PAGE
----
In their research, a team led by Dr Britta Denise Hardesty from the Commonwealth Scientific and Industrial Research Organisation (CSIRO) examined data from nearly 1,000 dead turtles to understand the role plastic played in their deaths.
They found that the youngest turtles appeared to be most susceptible to plastic pollution.
Just over half of the post-hatchling individuals had ingested plastic, and around a quarter of the slightly older juveniles were affected, compared to around 15 per cent of adults.
While the number of plastic pieces in the reptiles’ guts varied wildly from one to over 300, the scientists were able to deduce that turtles have a 50 per cent probability of death after consuming 14 pieces.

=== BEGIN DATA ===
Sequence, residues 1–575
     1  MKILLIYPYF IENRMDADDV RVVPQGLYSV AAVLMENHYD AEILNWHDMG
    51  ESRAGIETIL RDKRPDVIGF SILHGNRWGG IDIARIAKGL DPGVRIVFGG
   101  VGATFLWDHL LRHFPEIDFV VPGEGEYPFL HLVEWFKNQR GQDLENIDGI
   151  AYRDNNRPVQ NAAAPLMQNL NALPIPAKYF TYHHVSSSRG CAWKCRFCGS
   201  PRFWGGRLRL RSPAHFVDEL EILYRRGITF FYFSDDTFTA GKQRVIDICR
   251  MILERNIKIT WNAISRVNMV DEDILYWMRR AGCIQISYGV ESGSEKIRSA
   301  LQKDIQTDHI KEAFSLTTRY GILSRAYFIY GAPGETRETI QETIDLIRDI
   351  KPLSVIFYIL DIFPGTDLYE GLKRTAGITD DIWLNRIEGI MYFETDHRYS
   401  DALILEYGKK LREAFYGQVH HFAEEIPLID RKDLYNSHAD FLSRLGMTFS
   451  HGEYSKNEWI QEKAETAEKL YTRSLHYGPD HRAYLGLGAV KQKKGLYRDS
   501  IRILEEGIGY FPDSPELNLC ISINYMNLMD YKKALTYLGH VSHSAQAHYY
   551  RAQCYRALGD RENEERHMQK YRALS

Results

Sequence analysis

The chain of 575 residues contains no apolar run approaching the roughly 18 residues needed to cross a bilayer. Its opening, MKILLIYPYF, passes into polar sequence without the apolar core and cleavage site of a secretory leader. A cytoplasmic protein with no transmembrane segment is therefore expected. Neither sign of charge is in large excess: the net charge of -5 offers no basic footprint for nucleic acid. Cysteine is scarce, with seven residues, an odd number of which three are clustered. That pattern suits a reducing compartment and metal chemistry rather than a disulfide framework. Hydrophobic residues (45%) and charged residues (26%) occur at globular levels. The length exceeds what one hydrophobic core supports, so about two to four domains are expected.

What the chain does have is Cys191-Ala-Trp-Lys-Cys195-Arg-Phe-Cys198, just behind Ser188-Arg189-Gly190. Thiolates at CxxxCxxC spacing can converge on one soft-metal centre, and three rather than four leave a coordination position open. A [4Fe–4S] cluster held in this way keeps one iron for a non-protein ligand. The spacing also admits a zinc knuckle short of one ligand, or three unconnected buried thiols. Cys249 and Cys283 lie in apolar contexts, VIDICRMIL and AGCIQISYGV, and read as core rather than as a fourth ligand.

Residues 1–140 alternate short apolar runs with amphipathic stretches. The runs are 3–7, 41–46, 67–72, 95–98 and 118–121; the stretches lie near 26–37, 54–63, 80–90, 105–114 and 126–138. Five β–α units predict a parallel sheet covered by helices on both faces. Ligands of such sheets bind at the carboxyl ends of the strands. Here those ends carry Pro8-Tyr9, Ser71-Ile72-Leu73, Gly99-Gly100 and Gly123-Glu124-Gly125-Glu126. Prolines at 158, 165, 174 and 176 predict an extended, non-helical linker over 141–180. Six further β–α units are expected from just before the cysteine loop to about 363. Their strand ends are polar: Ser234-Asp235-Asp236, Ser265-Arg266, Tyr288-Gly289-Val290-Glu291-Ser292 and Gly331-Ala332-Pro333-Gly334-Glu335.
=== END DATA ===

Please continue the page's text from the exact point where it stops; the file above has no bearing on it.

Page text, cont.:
The work emerges as another study documents the global decline of turtles and tortoises that has left over 60 per cent of the world’s species either extinct or facing extinction.
Two centuries ago, sea turtles in the Caribbean Sea were estimated to number in the tens of millions, while more recently their numbers were estimated to be in the tens of thousands.
Together with their land-based relatives, these creatures play pivotal roles in shaping global ecosystems.
“We must take the time to understand turtles, their natural history, and their importance to the environment, or risk losing them to a new reality where they don’t exist,” said Mickey Agha, a researcher at University of California, Davis, who contributed to the study. “Referred to as a shifting baseline, people born into a world without large numbers of long-lived reptiles, such as turtles, may accept that as the new norm.